To me, she represents what real journalism and reporting used to be. You find none of that straightforward honesty anymore – so-called ‘reporters’ and ‘journalists’ are nothing more than plastic talking-heads regurgitating self-made headlines…that fiasco with the San Francisco TV station getting trolled and pwned into reporting racist, fake names of the Asiana pilots says it all!

I wanted to be a reporter when I was younger; this is why I went into the radio industry during high school, but it became rapidly apparent that honesty and truth weren’t valued qualities for a reporter. True journalism died the day the 24-hour ‘news cycle’ came into vogue, and all we see today is the animated, rotting corpse of something that used to be grand.

Rest in peace, Helen – you were the last, true, published journalist. Those of us who still exist will never be allowed to attain your legendary level…sad, no?

In Memoriam: Bob Marley

Nesta Robert “Bob” Marley: 6 February 1945 – 11 May 1981

Wednesday, February 6th, marked the 68th “birth anniversary” of Bob Marley, well-known reggae artist and political activist. He died of cancer in 1981 at the age of 36, but his legacy lives on. From the Huffington Post:

“Marley is credited with helping spread both reggae sounds and the Rastafari movement to a worldwide audience throughout his 18 years in the business.

According to Urban Islandz, “Legend: The Best of Bob Marley and the Wailers,” which was released three years after his death, is reggae’s biggest selling album to date, with more than 10 million copies sold in the United States and an estimated 25 million worldwide. And that’s no surprise.

Despite his absence, Marley has continued to garner success, being honored with such awards as BBC’s song of the millenium for “One Love” and getting inducted into the Rock and Roll Hall of Fame in 1994. Also in 1999, Time Magazine named  Bob Marley & The Wailers’ “Exodus” as the greatest album of the 20th century.”

I don’t know that I can do this legendary man due justice! He is a hero in more ways than one; a pioneer, a man with a message who was taken from this world far too soon. He is survived by Ziggy Marley and his 10 other children: Sharon, Cedella, Stephen, Robbie, Rohan, Karen, Stephanie, Julian, Ky-Mani and Damian. Check out the official Bob Marley website for music, wallpapers, and information! Rest in peace, Mr. Marley – you are truly one of the greats, and far more than a mere decoration for head-shops.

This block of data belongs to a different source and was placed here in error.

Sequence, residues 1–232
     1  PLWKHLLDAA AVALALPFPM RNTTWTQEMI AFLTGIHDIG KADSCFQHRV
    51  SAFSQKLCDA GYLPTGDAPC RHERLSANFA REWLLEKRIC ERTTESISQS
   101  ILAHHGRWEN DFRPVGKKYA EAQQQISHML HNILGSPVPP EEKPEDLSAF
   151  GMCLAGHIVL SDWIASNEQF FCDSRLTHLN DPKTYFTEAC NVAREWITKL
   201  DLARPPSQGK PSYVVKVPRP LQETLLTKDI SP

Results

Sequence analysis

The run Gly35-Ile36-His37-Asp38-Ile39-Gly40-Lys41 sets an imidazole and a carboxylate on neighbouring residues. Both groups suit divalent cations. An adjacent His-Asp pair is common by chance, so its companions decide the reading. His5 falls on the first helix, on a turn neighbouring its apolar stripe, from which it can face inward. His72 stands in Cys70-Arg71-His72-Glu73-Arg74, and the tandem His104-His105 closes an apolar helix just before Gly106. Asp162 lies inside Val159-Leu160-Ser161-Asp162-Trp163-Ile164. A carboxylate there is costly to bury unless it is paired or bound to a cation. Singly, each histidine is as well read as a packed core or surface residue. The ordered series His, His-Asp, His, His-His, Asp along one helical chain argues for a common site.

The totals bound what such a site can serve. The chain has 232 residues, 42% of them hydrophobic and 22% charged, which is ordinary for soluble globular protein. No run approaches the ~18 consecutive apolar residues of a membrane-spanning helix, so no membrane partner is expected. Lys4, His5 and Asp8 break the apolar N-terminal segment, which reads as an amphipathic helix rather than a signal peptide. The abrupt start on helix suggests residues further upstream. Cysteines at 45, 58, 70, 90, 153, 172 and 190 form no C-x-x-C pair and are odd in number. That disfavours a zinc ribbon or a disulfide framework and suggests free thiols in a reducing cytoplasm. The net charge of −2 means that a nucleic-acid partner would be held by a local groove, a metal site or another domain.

R.I.P., Donald Byrd

Donaldson Toussaint L’Ouverture Byrd II: December 9, 1932 – February 4, 2013

Legendary jazz trumpeteer Donald Byrd passed away on Monday, February 4th, at the age of 80. His death was reported by his nephew, jazz pianist Alex Bugnon, on Thursday, February 7th. The Guardian reports:

“The influential jazz trumpeter Donald Byrd died on Monday at the age of 80, his nephew has said.

Alex Bugnon, a jazz pianist, reported his uncle’s death on Thursday, though it has yet to be confirmed.

Bugnon wrote on his own Facebook page: “Donald passed away Monday in Delaware, where he lived. His funeral will be held in Detroit sometime next week. I have no more patience for this unnecessary shroud of secrecy placed over his death by certain members of his immediate family.”

During his career, he performed alongside other legendary greats such as John Coltrane, Sonny Rollins, Thelonious Monk and Herbie Hancock. He had musical roots in bebop, but later became equally renowned for soul, funk, and jazz fusion. From the Huffington Post:

“His career began when he joined Art Blakey’s Jazz Messengers, as a replacement for Clifford Brown, in the 1950s, and formed the fusion group The Blackbyrds in the early 1970s. According to Amoeba, Byrd was a “one of a kind trumpeter,” who was known not just for his work in jazz, but also in R&B, soul and funk music, and it was his ability to transcend time and genre and remain relevant that sets his work apart from others.

The cause of death has yet to be released, and in a statement his nephew wrote:

“Let’s remember Donald as a one of a kind pioneer of the trumpet, of the many styles of music he took on, of music education. In sum, Donald was an avid, eternal student of music, until his death. That’s what I try to be, everyday!! Rest in peace, uncle!”

Rest in peace, for certain – the music world is mourning heavily this week. Another great one takes his talent to the gods…

Notable Black Women: “Stagecoach” Mary Fields

“Stagecoach” Mary Fields: 1832 – 1914